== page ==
Okay, so I know I'm not the only American wondering this, but do British people ever imitate American accents?
Also something else: How do you feel about American accents? Are there any you prefer over others, or some you can't stand?
Yes, this happens quite often, though largely in Drama courses. Being a Film Student, we don't often have much cause for accents (though I myself have a small arsenal at my disposal when I need them) but when I am around drama students, and we/they are doing some sort of performance that involves Americans, they are mostly capable of very good ones, though most of them appear to be modeled on 1930's Manhattanites (Manhattians? Manhatians? Iunno...) or the 80's oil barons of the South. Others are capable of good accents from elsewhere, of course, but they are usually trained in accents and have some sort of career in mind that requires them to be able to differentiate between an Idahoan and a West Virginian accent. Hope that helps ^__^
On the subject though, I am from a place that has a severely strong accent that I have never heard any American try to imitate and I, myself, no longer use it as it is a huddled mess of incoherence and when added to my lisp and stutter makes me about as understandable as a Manatee yelling into a cave... For these reasons I have fashioned an accent of my own that composites many "straight" accents in order to make each word I say understandable, and because of this I am often the cause of confusion as to where I am from. The majority of people think I am either American, Canadian or Irish based on this accent but I'm happy to inform them that I am entirely English.
Once again I hope this helps, sorry for the long-winded and probably pointless explanations but I did enjoy writing them up and answering your question since accents and peoples' speech is a favourite topic of mine, thank you for asking!
Mahalo and DFTBA,
Yes, frequently, although to echo Finch up there, usually only persistently by drama folks. Also there are plenty of British actors who (to my ears) do fair American accents (e.g. Christian Bale, Kevin McKidd).
In terms of preference, I adore accents from New Orleans and I once met a man from Colorado who had a brilliant accent. Although I'm not too great at actually working out precisely where in America an accent is from.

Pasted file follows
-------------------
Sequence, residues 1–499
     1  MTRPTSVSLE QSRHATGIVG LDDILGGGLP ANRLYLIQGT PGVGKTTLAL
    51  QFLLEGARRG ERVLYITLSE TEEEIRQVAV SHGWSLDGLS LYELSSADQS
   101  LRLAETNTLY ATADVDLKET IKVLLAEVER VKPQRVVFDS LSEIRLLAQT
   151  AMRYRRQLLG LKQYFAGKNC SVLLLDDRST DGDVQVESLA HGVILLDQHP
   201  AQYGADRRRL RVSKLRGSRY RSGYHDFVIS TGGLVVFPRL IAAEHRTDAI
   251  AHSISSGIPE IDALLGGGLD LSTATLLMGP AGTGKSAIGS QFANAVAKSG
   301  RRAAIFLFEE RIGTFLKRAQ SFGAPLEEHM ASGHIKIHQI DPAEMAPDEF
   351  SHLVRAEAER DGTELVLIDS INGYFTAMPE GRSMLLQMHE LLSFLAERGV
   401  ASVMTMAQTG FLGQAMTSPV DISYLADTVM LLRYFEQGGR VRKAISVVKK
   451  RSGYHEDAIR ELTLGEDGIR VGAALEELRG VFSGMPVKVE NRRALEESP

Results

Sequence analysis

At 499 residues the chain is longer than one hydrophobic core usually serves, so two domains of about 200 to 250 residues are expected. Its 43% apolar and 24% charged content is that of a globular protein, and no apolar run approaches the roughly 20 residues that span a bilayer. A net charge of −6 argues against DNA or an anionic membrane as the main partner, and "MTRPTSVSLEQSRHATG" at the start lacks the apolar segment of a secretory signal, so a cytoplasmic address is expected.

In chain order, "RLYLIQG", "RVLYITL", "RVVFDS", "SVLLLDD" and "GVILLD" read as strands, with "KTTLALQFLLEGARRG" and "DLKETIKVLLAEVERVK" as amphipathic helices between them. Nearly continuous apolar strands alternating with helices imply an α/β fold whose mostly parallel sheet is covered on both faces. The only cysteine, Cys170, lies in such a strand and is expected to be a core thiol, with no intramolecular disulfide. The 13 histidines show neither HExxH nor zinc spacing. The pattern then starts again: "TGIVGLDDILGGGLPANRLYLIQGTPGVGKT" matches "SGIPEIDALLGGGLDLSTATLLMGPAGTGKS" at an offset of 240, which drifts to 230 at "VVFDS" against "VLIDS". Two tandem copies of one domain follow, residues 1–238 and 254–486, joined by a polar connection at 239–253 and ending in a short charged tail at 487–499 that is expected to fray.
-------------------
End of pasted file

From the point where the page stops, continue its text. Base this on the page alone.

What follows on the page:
The only American accents I find irritating are Californian ones similar to the girls in the film "Clueless" (yeesh, showing my age now). Although it's more the dialect than the accent, to be honest.
Okay, so it's mostly drama students, from what I've heard so far. That's pretty interesting, though, considering most people (in America) I know love imitating British accents, regardless of which dialect. It kills time, I guess :D
Yeah, a lot of people are very annoyed by the Cali accent, which is know here as Valley Girl/Guy. I don't know you guys' stance on Southern accents, like in Alabama. Do you love 'em, or hate 'em? I've lived in the South my whole life, so they sound completely normal to me.
The accent here I hate the most is the Boston accent. There's something I find so incredibly obnoxious about it, no offence if anyone actually likes it or not.
But I love pretty much all British accents, except for the one used by the REALLY low class people, like travelers and gypsies. I don't understand a darn word they say...
Heh, fair enough. Yeah, I'm fairly fond of the southern accents myself, use one on occasion to confuse people or for certain words (I find myself more often these days using "y'all" when addressing multiple people)
As for the really low class people accent, I suppose you'd consider my natural accent to be of that variety, though I'm not a traveler, where I am from is certainly considered one of the lowest class places around. Farmer accents, is a closer description, I'd say, but yeah, the point is they are usually VERY hard to distinguish, especially if you're not from that area. When I lapse back into it I can understand anyone from there, my family and so on, and they can usually understand me (barring the impediments) but from an outsider's point of view I have heard it described as "unintelligible", "meaningless noise" and (in one amusing case) "Gruffling".
I generally find it amusing when I hear Americans attempt our accents, as I'm sure it's funny to hear the reverse. Most tend to go for the more upper-class "proper" accents that are actually rarely found these days, except by the kinds of people who would step over most others for fear of interaction. It's a funny world.
I admit, I tend to go for the posh English accent! I'm not around enough (well, any) people from the UK, so it doesn't influence me.
Haha, I like that word gruffling. It's sort of fitting, if you ask me. I think the accent used in the American ghettos is really annoying, and I understand that even less than the farmer-type accent you talked about. If you've ever heard it, you'll know what I mean. It's offensive to the English language and makes me want to cry.